If I delete those two lines from my .MOF file, I get what I expected to get all along:

Now, that’s great that it’s “working”, but since I am wondering if I update the WMF on the target server to the November WMF 5.0 Install, will my Configuration work without any issues? The answer is Yes, it does work without any issues.

Demo DSC – Part 3

In Part 1 of this series I talked about how I demo’d the building of a Domain Controller. In Part 2 I talked about demoing the building of a Pull Server, an App Server, and then using the two servers to show how a Pull Server works and what needs to be done to make the magic happen. If you didn’t read Part 1, here is the disclaimer:

This was never intended to demonstrate all the features and capabilities of DSC (there’s a lot!), but instead was done to show at a high level the kinds of things that are possible and to start a discussion about where it fits into our organization immediately and going forward

My outline for this part of the demo looked like this:

  1. Build Web Server
    1. Run BuildWebServer Script on the Web Server
    2. Talk about what’s going on while the server reboots
      1. File copy after domain join
      2. Install of Roles and Features, IIS Components
  2. Post Reboot
    1. Show IIS Site(s
      1. Show default as stopped
      2. Show DSCTest Website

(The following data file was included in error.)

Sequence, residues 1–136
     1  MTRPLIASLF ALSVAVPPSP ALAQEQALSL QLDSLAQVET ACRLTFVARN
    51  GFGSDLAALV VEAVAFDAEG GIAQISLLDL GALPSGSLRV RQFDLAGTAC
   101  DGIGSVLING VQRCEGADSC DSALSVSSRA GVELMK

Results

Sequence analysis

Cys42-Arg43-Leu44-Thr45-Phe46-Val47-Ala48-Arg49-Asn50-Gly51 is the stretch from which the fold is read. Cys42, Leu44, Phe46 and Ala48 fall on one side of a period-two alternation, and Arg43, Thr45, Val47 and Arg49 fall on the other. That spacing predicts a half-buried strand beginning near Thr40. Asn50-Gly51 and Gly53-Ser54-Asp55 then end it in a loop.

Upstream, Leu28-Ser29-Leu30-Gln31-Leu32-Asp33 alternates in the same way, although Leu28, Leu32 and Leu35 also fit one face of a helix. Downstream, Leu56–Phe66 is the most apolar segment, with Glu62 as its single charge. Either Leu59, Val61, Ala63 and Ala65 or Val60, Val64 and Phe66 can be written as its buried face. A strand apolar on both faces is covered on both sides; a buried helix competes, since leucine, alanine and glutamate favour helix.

2. Browse to site from App Server – http://<WebServerName>:8080
    3. Break Web Server
      1. Change IIS Binding
      2. Delete WebSiteFiles Folder
    4. Show broken site from App Server
    5. Talk about various ways this could be fixed (Push/Pull)
    6. Run the BuildLabWebServer script on the Web Server
    7. Show working site from APP Server

For comedic purposes, here is what my awesome Microsoft Word Website looked like that I break in this demo:

CrappyWebsiteDSCDemo

 

Here is the Configuration script in its entirety. It’s also available on GitHub.

Demo DSC – Part 2

In Part 1 of this series I talked about how I demo’d the building of a Domain Controller. In Part 2 I am going to talk about how I demo’d building a Pull Server, an App Server, and used the two servers to show how a Pull Server works and what needs to be done to make the magic happen. If you didn’t read Part 1, here is the disclaimer:

This was never intended to demonstrate all the features and capabilities of DSC (there’s a lot!), but instead was done to show at a high level the kinds of things that are possible and to start a discussion about where it fits into our organization immediately and going forward

The outline for this part of my Demo looked like this:

  1. Talk about the purpose of a Pull server (Can also be used to push and write Configurations)
    1. Show how nothing is configured (name, domain, roles/features, etc
    2. Open ISE, Run BuildPullServer Script
    3. Will reboot. While rebooting show the computer account on the DC
    4. Login as domain account